There are advantages to growing your vegetables as soon as the spring weather arrives. Many consider gardening to be a pleasurable hobby with the vegetables being an added reward. Many vegetables take several months to reach maturity, and an early spring planting is required. Beans, which take 65 to 75 days to mature, and Brussels sprouts, which can take as long as 100 days before they're ready to harvest, are good examples of vegetables to plant in your spring garden.
Vegetables on average need 8 to 10 hours of uninterrupted sunlight per day. When choosing an area, look around for tall trees and buildings that could cast shadows on your vegetable garden. Place your vegetable garden inconvenient to your kitchen. For a typical family of four, a vegetable garden 25 square feet in size should suffice.
Vegetables require a light, well-draining soil. Sandy loam is considered the ideal soil type. It can be created by adding compost to sandy soil or peat moss to clay soils. A fertilizer can help your vegetables reach their growth potential. Beware of using too much nitrogen-rich fertilizer, as this can cause excess leaf production at the cost of fewer vegetables. The pea plant is a good example a vegetable suffers from too much nitrogen.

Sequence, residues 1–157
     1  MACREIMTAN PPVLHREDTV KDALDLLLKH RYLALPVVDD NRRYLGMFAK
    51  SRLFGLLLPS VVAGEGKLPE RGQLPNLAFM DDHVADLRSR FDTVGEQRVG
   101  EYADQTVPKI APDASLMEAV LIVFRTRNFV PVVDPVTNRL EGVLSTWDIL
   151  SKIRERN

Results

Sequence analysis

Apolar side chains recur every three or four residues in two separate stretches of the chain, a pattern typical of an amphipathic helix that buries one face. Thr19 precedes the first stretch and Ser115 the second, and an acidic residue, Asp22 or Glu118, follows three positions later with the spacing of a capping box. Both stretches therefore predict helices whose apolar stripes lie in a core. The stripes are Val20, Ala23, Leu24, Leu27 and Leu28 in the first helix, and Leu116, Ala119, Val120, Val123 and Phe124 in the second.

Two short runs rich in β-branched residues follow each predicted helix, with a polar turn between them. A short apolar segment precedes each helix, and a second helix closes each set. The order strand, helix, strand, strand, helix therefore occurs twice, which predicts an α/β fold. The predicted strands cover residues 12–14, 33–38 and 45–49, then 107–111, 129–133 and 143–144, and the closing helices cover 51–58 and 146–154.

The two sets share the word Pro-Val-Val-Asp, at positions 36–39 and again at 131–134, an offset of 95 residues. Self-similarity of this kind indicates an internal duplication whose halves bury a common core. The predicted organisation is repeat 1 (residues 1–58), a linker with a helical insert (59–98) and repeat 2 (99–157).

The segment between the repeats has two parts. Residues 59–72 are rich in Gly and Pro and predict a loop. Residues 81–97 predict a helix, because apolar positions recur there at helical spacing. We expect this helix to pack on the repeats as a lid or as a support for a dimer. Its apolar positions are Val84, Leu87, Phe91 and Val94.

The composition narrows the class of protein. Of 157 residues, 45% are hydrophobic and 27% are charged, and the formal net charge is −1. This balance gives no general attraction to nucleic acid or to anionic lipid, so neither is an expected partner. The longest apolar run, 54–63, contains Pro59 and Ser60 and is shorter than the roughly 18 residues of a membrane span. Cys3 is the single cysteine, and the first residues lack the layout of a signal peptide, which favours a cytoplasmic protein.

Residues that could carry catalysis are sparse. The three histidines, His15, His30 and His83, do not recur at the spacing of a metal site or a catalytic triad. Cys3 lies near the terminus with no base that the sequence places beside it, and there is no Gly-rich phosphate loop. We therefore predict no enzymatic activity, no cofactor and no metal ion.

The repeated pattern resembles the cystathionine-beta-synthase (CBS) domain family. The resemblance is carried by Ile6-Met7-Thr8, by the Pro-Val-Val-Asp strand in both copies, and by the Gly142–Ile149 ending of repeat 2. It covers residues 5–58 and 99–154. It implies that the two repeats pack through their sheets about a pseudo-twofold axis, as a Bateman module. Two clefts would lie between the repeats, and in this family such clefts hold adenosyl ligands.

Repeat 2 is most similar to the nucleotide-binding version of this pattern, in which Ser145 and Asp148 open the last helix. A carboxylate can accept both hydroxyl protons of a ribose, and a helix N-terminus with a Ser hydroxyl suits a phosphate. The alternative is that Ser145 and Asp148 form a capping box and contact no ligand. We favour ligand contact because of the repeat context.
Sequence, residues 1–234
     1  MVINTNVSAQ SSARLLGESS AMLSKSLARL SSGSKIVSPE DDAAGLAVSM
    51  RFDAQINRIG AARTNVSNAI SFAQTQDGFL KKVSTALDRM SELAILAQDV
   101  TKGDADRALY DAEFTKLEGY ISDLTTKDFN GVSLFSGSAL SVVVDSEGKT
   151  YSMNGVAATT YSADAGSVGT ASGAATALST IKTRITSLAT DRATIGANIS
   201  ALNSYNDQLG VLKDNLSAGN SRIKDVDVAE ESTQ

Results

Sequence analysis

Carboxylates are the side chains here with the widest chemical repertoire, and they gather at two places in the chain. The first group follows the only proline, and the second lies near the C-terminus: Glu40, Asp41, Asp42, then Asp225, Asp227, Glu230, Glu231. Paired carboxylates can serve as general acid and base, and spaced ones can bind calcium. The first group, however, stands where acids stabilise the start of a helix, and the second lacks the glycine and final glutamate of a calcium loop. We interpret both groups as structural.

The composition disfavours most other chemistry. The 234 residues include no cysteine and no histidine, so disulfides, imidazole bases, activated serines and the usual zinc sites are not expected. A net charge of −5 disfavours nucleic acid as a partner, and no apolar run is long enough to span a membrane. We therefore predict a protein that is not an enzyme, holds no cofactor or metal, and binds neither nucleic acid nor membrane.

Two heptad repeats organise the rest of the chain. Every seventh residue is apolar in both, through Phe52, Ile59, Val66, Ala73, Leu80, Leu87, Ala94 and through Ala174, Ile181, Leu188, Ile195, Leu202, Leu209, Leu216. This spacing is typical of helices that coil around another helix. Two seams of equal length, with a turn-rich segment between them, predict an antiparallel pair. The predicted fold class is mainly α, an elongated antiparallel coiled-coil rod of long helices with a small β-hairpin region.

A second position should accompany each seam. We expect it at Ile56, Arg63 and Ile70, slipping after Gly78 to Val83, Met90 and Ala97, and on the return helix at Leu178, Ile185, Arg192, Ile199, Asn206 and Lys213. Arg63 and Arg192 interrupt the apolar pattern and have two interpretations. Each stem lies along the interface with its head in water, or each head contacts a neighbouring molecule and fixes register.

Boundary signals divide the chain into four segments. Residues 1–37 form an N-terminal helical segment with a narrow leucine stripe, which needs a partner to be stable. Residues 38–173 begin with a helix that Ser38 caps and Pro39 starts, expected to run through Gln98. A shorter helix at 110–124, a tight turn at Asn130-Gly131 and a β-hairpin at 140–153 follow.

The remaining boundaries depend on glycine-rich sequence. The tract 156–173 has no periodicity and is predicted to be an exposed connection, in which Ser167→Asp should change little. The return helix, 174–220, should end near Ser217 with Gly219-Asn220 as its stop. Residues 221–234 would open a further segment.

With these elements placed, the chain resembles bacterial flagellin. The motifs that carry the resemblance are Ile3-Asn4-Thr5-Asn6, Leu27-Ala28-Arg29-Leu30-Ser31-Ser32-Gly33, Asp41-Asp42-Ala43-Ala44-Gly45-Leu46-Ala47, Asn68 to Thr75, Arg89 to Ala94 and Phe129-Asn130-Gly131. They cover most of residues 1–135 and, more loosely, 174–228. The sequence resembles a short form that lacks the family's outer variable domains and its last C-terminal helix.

Always plant your spring vegetables as early in the season as possible after the risk of frost has passed. Buy starter plants from a reputable greenhouse and transplant them as soon as it is safe to do so. It is possible to start your spring vegetables from seed, but you will have to begin their germination and growth inside during the late winter months. The easiest vegetables to transplant are tomatoes, cauliflower, onions and beets.
Mulching is the act of placing wood chips or other organic materials around the base of the plants after they have been planted. Mulch aids in regulating the soil temperature, which can be an issue with the temperature variations often associated with spring weather. A 2- to 3-inch layer of leaves, compost or wood chip will also help shed excess rainfall, ensuring your soil does not become too wet, and will help to retain moisture in the soil during times of drought.